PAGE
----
Bullying and domestic violence have been considered in practice and in the literature as "unconnected phenomena," according to sociologists Kenneth Corvo, Ph.D., and Ellen deLara, Ph.D. (Aggress. Violent Behav. 2010;15:181-90). However, as a clinician, I see a clear continuum between the two.
In my experience, boys who are big and powerful learn to use their power early and find it to be pleasurable. Becoming dominant is important for these boys in school, sports, and social settings, and those who are less powerful tend to fall into line as followers. Shaming and humiliating a weaker boy makes the bully feel highly regarded. We see the learning pattern take place in schools across the country: "I am a winner, and I need to win." Youngsters are under pressure to succeed at home and at school, so the pressure is on them to demonstrate prowess.
Rarely do we meet a family or parents who spend time cataloging their son's failures. It's all about winning! The child hears his father talking about his son's success on the basketball court, his fabulous grades, and so on, and he learns at a very early age what is important to the parent and how to measure himself.
The child who is bullied has seriously damaged self-esteem and does little to put himself forward. Clinically, we see a similar process occur in marriage. I have never seen a couple in psychotherapy where each person isn't blaming the other, finding fault with the other, and wanting either retribution or an apology.
Men who beat or injure their wives have the same psychological needs as those of the bully. They, too, need to win, dominate, and in many cases, overpower. They bring these ideas to the marriage from their family home, school, ball field, and workplace.
In America, 3-10 million incidents of domestic violence are reported annually, hundreds of shelters for abused women exist across the country, and thousands of social workers are helping these women and their children. But the problem is not with the women, although many do stay in the relationship and are reportedly further abused. Usually, men - and the way in which they are socialized - are the problem.
Factors Contributing to Bad Behavior
If the man is the boss at work, he needs to remain in that role in the house. He cannot tolerate losing an argument or being denied sex or perceive any other "threat" to his authority. If, on the other hand, the husband has no power at work, feels like he is pushed around by everyone, and is low on the totem pole, he comes home looking for some outlet for his frustrated power.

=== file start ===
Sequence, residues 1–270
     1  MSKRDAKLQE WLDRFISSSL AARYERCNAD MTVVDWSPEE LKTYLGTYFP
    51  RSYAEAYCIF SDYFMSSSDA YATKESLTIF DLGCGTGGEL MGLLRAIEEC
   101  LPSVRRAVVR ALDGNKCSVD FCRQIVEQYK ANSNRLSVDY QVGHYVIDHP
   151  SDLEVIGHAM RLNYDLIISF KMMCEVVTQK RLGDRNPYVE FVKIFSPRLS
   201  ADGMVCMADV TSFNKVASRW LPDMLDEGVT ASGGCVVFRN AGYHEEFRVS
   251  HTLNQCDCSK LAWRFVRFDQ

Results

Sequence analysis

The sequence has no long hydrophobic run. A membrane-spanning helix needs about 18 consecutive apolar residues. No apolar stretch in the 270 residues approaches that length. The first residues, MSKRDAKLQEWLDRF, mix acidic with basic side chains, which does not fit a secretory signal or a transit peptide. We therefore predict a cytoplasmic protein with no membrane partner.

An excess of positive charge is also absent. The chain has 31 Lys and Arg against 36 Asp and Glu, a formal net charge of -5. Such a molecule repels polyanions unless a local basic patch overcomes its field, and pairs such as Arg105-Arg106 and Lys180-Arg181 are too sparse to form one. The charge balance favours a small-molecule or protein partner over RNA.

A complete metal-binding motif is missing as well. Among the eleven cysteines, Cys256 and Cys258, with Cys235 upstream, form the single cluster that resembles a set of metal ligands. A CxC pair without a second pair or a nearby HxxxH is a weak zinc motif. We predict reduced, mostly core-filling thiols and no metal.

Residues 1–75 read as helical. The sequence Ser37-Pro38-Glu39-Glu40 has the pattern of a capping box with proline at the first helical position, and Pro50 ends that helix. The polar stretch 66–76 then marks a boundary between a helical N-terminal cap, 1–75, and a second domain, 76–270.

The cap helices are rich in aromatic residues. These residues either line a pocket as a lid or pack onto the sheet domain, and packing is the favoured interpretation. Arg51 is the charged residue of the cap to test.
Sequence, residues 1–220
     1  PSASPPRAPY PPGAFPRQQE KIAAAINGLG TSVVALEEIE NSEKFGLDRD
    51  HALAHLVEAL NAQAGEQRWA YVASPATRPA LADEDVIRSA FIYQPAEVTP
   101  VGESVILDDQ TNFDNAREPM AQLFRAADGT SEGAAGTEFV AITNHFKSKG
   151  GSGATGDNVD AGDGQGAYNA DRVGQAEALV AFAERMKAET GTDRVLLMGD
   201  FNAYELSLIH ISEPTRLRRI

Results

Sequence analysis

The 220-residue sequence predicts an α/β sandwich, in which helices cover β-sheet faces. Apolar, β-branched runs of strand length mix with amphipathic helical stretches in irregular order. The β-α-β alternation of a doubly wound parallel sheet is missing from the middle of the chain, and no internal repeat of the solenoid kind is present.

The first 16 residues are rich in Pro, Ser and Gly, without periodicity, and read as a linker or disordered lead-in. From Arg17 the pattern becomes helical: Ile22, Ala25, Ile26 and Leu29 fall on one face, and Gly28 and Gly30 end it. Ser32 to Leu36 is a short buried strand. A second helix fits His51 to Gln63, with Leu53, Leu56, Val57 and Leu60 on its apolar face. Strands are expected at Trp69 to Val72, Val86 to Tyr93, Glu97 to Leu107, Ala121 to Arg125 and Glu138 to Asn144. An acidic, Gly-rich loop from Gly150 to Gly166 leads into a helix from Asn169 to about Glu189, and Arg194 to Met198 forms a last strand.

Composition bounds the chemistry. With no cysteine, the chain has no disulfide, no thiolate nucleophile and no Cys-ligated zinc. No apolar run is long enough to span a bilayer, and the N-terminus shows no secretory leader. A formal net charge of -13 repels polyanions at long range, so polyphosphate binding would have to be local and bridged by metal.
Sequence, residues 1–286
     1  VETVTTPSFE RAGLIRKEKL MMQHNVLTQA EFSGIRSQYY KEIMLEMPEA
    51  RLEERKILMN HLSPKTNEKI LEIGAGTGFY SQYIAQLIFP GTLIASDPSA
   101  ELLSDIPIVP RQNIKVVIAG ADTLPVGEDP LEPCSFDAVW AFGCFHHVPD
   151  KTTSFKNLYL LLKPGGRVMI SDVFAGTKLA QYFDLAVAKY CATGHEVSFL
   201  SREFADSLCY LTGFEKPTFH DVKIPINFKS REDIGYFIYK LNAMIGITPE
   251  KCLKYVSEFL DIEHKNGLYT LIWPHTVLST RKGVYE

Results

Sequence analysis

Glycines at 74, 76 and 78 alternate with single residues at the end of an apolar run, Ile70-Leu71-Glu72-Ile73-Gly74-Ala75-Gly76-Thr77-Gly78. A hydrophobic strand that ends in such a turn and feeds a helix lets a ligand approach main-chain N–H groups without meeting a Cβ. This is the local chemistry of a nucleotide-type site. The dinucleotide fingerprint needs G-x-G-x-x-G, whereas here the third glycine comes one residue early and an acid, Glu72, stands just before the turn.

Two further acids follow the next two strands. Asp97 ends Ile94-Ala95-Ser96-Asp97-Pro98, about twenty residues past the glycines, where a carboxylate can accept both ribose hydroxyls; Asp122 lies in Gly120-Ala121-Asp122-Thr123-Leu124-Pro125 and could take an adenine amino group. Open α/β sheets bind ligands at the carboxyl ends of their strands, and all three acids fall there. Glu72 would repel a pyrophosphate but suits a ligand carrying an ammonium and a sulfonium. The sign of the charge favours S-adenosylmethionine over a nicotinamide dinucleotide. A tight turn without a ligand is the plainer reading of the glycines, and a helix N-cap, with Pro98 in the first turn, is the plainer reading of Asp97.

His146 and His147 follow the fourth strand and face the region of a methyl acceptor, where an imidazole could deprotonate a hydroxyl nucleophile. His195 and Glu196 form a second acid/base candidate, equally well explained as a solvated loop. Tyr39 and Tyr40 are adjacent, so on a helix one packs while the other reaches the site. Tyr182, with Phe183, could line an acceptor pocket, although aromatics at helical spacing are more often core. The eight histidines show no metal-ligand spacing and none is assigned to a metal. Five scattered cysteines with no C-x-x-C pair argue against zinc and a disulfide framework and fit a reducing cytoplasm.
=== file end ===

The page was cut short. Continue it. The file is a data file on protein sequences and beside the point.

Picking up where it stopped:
The issue apparently underlying most marital difficulties revolves around control. Who is in charge? Who makes the decisions? In many marriages, there is a frustration of dreams and expectations. A man who deals with frustration by hitting his opponent will be the fellow who commits domestic violence.
I was once consulted by a couple in the days before couples lived together before marriage. They had a great wedding and flew off to their honeymoon. The husband had come from a family of six children whose mother got up every day at 6 a.m. and made a big breakfast for everybody. The wife had grown up in a small apartment where everyone fought over the one bathroom and flew out of the house with cups of coffee in their hands.
On their first day at home, the husband sat at the kitchen table with a knife and fork waiting for his breakfast. He felt a breeze go by as his wife flew out of the apartment with her coffee. That's how it began. They agreed that the honeymoon had been wonderful, but each of them had an idea of what they wanted or expected, and the frustrations, hurts, and disappointments had accumulated by the time they asked for help because of his violent outbursts. All clinicians have heard such stories.
Too often, we fail to explore whether the husband had been a bully as a boy. Was he regularly beaten by his father when his behavior was bad? …